How Eco-Friendly Toilets Protect Vulnerable Hippos

Dry toilets offer green fertilizer, helping farmers grow crops without destroying habitat

At times when poverty leads to unsustainable agricultural practices, the Center for Rural Empowerment and the Environment (CREE) has scaled up efforts to introduce a new green toilet concept, seeking to reduce habitat destruction and annihilate the ever growing conflicts between people and vulnerable hippos in Kenya.

The ecologically sanitary dry toilets installed in Dunga Wetlands on Lake Victoria require no water; therefore, they are considered a great asset in preserving this scarce resource, Mongabay informs.

Moreover, the innovative line of toilets collects human waste and mixes it with ash, providing a great source of eco-friendly fertilizer for financially challenged farmers.

Since the green product used widely to grow crops is boosting the profitability of agricultural practices, workers are no longer forced to destroy significant surfaces of wildlife habitat to obtain more land for their future harvests.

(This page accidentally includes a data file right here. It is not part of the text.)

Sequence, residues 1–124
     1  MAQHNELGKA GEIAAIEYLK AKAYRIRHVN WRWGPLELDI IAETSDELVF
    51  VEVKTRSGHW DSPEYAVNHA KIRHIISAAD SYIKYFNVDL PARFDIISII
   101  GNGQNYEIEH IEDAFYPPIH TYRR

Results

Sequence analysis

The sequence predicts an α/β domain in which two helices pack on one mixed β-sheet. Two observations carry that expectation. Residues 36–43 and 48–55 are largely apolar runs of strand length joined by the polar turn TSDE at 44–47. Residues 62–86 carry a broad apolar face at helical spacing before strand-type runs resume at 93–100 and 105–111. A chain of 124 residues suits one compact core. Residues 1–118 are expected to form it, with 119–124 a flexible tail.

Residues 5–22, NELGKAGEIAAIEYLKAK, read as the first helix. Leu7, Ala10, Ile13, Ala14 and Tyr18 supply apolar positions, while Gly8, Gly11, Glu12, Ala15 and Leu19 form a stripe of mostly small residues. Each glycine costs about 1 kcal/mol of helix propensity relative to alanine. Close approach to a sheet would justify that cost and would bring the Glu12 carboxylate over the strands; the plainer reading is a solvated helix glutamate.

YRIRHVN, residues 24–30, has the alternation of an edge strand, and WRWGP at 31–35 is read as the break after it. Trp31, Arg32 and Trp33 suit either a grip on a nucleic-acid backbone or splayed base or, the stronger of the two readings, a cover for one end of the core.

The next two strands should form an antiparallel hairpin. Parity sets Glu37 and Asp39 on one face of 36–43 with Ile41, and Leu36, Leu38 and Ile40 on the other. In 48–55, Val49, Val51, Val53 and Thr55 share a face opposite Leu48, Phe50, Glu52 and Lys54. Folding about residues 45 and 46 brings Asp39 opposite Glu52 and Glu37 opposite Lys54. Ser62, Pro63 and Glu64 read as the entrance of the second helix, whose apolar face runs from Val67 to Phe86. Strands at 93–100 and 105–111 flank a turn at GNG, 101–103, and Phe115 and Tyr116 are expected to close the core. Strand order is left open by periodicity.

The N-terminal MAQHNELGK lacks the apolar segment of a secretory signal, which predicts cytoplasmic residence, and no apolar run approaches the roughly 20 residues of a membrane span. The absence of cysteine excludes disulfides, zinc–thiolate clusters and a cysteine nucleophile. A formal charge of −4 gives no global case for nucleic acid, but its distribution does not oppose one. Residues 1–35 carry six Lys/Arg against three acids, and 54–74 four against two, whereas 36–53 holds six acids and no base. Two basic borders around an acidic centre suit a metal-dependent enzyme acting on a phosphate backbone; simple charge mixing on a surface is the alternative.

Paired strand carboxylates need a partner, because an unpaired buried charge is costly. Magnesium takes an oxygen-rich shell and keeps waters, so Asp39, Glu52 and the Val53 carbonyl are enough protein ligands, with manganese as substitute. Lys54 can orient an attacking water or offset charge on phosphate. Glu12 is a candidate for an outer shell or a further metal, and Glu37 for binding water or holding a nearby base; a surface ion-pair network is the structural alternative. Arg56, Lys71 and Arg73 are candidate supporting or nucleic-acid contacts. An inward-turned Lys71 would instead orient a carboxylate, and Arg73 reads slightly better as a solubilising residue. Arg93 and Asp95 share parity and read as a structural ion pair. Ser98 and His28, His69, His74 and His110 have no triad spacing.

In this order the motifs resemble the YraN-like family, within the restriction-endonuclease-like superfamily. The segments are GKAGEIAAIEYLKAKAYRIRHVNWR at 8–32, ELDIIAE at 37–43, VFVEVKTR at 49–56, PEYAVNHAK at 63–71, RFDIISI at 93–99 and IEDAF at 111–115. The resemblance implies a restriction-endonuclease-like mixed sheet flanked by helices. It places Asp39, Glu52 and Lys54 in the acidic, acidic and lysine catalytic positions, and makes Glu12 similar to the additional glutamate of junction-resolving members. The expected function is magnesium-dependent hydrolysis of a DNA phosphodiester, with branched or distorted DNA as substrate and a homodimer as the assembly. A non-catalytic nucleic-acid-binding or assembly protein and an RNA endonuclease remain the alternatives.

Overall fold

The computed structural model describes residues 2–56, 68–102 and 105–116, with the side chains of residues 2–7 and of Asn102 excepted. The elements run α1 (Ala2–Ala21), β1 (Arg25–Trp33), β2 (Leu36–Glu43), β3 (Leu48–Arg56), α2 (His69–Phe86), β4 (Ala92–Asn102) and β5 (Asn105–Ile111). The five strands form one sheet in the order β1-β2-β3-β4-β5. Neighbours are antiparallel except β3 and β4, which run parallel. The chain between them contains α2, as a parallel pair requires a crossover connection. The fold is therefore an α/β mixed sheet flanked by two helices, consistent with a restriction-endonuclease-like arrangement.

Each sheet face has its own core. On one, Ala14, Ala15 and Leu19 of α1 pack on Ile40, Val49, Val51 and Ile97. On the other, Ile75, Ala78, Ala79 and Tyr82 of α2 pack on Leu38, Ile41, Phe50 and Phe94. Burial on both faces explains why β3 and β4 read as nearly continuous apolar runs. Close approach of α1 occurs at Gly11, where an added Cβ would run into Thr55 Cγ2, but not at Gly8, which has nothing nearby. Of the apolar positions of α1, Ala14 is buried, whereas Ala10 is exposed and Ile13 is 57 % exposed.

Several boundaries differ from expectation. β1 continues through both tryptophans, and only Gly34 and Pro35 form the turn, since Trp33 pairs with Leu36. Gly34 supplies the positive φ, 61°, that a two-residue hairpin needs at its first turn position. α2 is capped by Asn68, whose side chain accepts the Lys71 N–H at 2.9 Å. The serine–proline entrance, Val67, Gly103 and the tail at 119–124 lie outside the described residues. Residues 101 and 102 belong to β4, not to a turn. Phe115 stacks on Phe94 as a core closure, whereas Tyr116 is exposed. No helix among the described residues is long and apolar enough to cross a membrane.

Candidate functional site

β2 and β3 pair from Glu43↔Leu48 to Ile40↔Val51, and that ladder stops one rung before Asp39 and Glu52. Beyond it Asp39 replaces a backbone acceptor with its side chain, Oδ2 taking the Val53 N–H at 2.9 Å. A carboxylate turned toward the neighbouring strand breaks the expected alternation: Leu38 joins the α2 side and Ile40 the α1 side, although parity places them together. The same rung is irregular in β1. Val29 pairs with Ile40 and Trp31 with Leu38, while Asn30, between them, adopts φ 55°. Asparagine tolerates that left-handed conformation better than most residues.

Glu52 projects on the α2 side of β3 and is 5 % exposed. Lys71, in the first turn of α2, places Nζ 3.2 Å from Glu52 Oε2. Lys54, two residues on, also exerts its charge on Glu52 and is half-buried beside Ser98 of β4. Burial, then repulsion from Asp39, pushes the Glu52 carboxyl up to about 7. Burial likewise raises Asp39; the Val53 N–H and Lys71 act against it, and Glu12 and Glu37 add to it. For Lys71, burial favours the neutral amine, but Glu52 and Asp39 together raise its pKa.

Nowadays, when poverty is still one of the most important issues in developing countries, people are often disrupting the balance of hippos and other large animals that damage their crops looking for food.

Apart from the fact that it protects hippos, birds and other endangered creatures considering the Dunga Wetlands their natural home, the eco fertilizer coming from dry toilets is used on a large scale by farmers to obtain better crops.

Members of local communities have immediately adopted the strategy and have exploited this opportunity to double or even triple the production of healthy vegetables.

The solution proposed and introduced by CEE is easy to follow and does not require a considerable financial investment.

"[...]Our solutions to development come from respected leaders within the community itself, and thus have good support from the community because its not an idea imposed from the outside. The result is success, often with few financial resources, because it is an idea the community genuinely believes is best for them," explained a local farmer for Mongabay.

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